High Definition Television

HDTV is the acronym for High Definition Television.

A television system that provides a substantially higher image resolution than the previous generation of technologies, known as HD. The term has been used since 1936; more recently, it refers to the generation following standard-definition (SD) television, often abbreviated to HDTV or HD-TV. It is the current de facto standard video format used in most broadcasts: terrestrial broadcast television, cable television, satellite television, and Blu-ray Discs.

High-definition digital television was impossible with uncompressed video, which requires a bandwidth exceeding 1 Gbit/s for studio-quality HD digital video. Digital HDTV was made possible by developing discrete cosine transform (DCT) video compression. DCT coding is a lossy image compression technique first proposed by Nasir Ahmed in 1972 and was later adapted into a motion-compensated DCT algorithm for video coding standards such as the H. 26x formats from 1988 onwards and the MPEG formats from 1993 onwards.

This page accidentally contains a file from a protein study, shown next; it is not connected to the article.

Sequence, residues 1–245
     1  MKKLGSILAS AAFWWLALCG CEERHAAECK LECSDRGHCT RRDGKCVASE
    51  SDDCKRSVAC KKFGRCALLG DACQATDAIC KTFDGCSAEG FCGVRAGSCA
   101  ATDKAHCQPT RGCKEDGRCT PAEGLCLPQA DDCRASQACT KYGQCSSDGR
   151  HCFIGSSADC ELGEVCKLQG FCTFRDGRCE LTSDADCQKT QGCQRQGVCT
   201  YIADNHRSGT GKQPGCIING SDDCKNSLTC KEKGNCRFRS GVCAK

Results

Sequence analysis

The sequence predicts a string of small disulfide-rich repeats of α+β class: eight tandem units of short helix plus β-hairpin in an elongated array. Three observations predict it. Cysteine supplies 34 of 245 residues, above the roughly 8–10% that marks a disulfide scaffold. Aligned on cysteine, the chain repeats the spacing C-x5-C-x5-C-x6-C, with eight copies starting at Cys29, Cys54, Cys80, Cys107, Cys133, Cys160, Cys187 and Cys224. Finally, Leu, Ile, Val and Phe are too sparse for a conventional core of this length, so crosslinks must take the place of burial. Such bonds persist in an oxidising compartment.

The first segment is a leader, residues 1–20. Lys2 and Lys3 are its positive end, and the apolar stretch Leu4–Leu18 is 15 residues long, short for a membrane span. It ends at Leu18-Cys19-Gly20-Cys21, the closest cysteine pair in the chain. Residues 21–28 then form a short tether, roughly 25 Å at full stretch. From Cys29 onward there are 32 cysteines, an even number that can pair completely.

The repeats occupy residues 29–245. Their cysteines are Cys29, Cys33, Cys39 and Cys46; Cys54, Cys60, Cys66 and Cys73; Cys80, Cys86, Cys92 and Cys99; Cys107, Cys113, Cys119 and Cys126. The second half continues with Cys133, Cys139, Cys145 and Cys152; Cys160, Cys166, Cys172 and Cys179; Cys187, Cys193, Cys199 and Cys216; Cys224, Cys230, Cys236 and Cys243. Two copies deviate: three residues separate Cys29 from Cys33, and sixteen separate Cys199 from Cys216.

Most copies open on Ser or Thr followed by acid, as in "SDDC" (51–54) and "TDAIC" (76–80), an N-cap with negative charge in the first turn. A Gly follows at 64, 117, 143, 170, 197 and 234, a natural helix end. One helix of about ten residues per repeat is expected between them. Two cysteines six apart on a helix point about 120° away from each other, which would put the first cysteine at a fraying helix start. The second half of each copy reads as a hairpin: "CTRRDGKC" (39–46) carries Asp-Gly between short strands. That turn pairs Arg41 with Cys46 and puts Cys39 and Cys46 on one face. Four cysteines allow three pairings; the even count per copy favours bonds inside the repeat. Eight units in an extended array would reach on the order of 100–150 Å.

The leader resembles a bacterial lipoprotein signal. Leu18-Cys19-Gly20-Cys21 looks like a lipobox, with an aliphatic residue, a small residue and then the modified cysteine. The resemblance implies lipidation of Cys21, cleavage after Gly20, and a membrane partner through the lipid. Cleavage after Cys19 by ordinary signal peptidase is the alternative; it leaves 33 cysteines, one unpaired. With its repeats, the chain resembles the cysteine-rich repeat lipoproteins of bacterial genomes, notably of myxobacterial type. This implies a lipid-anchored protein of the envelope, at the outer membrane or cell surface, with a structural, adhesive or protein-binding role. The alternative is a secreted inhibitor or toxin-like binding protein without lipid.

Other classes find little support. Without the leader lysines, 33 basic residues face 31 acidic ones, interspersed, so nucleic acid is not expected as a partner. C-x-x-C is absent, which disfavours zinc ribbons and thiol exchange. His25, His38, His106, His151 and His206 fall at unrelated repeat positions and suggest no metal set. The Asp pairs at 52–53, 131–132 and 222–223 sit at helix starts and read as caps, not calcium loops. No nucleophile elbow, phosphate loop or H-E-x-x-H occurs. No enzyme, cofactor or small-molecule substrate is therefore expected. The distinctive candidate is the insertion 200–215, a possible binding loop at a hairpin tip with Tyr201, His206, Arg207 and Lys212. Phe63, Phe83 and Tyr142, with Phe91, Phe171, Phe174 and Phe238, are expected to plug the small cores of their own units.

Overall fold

There are two main types of HDTV: 720p and 1080p. 720p has a resolution of 1280 x 720 pixels, while 1080p has a resolution of 1920 x 1080 pixels. 720p is often referred to as standard HD, while 1080p is often referred to as full HD.

HDTV can be transmitted over various media, including cable, satellite, terrestrial broadcast, and Internet. It can also be played back on various devices, including Blu-ray players, set-top boxes, and computers.

  • Abbreviation: HDTV

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